Now those are the cries of a blogger wracked by Warnock's Dilemma. Fortunately, VTK is not as big as the nonist, so I don't suffer to the same extent as this poor non ist. (should anyone else out there find themselves suffering from Blog Depression, you might take solace in the nonist's illustrated pamphlet, What Everyone Should Know About Blog Depression) I just can't allow myself to go that far down. I mean, it's just a blog fer chrissake. right? right? right? Answer me, damn it! oops. There I go again. So anyways, what is to be done about this Warnock's Dilemma? Thread Killer attempted to create community out of alienation, but that eventually collapsed under the weight of idiots. Or under the weight of it's own nothingness. The Dadaists abandoned Dada once they realized the true meaning of nothingness (Tzara at least). What about confronting WD? Well, classy.dk (and justblog) launched a grassroots campaign to stamp out Warnock's Dilemma back in 03, but as far as I can tell, it consists of commenting on their post and posting this image:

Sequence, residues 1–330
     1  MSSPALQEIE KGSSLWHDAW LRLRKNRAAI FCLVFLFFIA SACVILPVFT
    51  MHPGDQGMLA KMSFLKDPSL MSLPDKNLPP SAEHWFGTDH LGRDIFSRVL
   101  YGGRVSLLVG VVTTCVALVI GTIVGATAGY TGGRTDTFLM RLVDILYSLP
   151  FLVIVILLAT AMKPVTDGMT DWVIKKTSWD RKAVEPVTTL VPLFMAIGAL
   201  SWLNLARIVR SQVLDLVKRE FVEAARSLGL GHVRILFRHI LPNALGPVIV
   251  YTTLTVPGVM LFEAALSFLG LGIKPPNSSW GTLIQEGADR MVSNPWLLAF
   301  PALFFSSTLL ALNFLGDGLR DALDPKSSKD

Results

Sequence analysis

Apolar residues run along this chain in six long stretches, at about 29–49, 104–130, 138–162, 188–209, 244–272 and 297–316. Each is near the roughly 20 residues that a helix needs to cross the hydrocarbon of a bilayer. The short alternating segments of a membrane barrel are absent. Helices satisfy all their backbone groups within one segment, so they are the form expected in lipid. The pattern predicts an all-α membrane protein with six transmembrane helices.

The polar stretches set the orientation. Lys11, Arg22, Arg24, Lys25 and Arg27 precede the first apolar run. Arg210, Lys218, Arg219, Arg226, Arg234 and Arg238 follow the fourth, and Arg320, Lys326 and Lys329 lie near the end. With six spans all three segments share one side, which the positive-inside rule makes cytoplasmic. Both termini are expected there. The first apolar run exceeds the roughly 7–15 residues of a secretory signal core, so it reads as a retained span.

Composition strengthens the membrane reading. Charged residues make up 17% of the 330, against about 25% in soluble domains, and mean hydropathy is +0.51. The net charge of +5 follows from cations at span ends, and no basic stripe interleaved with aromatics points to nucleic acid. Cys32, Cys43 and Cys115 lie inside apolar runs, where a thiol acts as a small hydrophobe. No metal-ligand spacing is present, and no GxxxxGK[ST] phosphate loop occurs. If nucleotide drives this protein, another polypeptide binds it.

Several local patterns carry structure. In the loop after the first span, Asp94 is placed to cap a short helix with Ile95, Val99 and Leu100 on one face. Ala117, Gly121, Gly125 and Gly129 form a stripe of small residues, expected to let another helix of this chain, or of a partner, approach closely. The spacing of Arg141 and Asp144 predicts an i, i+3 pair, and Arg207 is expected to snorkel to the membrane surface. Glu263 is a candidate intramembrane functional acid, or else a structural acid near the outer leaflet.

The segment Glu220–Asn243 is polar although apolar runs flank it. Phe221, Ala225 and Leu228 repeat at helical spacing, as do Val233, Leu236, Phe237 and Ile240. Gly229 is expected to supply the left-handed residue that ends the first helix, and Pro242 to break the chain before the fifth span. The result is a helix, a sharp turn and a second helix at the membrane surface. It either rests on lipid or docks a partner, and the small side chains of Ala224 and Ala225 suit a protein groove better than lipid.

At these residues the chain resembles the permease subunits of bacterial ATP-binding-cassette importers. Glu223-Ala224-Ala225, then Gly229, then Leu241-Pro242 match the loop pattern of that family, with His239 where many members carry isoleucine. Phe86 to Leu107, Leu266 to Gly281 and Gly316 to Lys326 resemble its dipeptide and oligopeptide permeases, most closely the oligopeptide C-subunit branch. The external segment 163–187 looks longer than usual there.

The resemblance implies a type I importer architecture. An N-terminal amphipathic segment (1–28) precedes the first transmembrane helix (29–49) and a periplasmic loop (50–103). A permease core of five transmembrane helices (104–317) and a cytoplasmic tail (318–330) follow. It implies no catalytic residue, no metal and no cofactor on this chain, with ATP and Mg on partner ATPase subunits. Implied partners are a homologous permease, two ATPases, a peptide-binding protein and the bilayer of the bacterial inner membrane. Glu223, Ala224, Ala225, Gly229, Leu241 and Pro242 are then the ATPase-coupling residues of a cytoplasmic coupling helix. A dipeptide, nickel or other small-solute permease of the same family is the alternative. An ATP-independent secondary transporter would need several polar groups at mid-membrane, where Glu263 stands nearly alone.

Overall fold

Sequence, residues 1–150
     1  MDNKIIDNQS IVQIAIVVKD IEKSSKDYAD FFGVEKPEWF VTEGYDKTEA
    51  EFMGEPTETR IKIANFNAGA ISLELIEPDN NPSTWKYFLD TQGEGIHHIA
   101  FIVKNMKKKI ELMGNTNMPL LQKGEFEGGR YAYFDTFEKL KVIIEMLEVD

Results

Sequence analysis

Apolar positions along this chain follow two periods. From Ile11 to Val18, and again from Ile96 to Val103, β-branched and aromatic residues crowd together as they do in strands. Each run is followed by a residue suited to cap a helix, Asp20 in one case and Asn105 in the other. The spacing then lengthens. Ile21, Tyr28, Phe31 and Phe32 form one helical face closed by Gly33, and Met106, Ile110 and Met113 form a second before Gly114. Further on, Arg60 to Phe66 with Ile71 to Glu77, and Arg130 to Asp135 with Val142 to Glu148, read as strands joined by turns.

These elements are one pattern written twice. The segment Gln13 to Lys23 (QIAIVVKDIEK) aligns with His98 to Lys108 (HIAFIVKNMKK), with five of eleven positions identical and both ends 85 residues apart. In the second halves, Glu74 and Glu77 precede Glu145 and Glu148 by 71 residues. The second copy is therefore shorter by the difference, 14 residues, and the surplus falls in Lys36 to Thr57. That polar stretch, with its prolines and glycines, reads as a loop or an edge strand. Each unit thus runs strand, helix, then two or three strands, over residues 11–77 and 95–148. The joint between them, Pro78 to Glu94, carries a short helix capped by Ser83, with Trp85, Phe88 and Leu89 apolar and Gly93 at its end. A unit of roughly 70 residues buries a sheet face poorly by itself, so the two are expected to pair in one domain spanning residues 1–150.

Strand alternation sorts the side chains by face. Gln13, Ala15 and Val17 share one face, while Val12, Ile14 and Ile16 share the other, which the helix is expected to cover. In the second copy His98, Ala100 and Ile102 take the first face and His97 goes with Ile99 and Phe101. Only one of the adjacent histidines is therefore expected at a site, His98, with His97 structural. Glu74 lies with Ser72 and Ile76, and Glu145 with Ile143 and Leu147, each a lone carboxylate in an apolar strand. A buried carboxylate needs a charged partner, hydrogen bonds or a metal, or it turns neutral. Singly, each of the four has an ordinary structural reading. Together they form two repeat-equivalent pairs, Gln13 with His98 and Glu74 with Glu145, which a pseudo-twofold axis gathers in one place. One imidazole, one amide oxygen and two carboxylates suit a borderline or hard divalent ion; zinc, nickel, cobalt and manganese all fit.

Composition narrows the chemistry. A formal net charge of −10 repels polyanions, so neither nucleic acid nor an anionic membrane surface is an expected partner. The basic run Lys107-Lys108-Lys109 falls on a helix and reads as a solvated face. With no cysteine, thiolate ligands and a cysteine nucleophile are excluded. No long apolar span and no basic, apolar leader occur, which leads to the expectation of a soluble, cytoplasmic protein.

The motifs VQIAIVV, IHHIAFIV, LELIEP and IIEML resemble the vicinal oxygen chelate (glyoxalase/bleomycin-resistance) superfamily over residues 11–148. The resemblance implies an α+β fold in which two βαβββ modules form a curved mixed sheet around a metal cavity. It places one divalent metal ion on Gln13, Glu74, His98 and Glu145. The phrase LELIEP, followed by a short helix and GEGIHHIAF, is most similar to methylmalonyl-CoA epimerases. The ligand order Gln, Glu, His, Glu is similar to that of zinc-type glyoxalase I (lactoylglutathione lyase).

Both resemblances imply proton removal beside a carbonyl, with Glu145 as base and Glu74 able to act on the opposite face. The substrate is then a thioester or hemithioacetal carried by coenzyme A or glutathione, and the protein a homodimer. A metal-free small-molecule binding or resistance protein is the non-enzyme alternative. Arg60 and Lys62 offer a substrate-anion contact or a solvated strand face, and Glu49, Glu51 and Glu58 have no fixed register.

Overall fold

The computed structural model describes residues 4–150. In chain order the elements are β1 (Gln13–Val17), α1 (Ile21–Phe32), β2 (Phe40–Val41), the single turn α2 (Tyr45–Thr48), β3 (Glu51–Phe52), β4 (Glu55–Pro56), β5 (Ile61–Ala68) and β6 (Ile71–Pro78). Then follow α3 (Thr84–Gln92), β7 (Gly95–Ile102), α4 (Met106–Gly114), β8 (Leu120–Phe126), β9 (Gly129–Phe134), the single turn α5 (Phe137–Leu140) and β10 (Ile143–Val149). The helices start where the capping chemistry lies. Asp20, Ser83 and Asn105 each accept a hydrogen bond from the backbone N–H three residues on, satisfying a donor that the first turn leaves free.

which I'm happy to do, though I don't really understand how this is supposed to stamp out the dilemma. It seems to me that the dilemma will exist so long as human insecurity exists. Because, it's not really a dilemma if you don't give a shit if anyone comments or not. The question of why no one commented lacks meaning if you don't ever get to the point of wondering why. But that I guess is another branch of the same dilemma. Figuring out how to not give a shit is probably as daunting a task as to figure out how to ascertain why no one responded. Warnock's Dilemma is truly an existential quagmire. Maybe Bob Pollard had it right:

When you clean out the hive
Does it make you want to cry?
Are you still being followed by the Teenage FBI?

Someone tell me why.



15 comments:

Sean said...

Numbers 1 and 5.

Dan said...

I'll take those over # 2.

Duffless said...

FINE, here is a resonse to your post. Happy now? Jeez all you had to do is ask!

My weird blog trend is I get emails from friends laughing about a recent blog post, and I'm like, hey why not just post a comment you dumb sack of shit?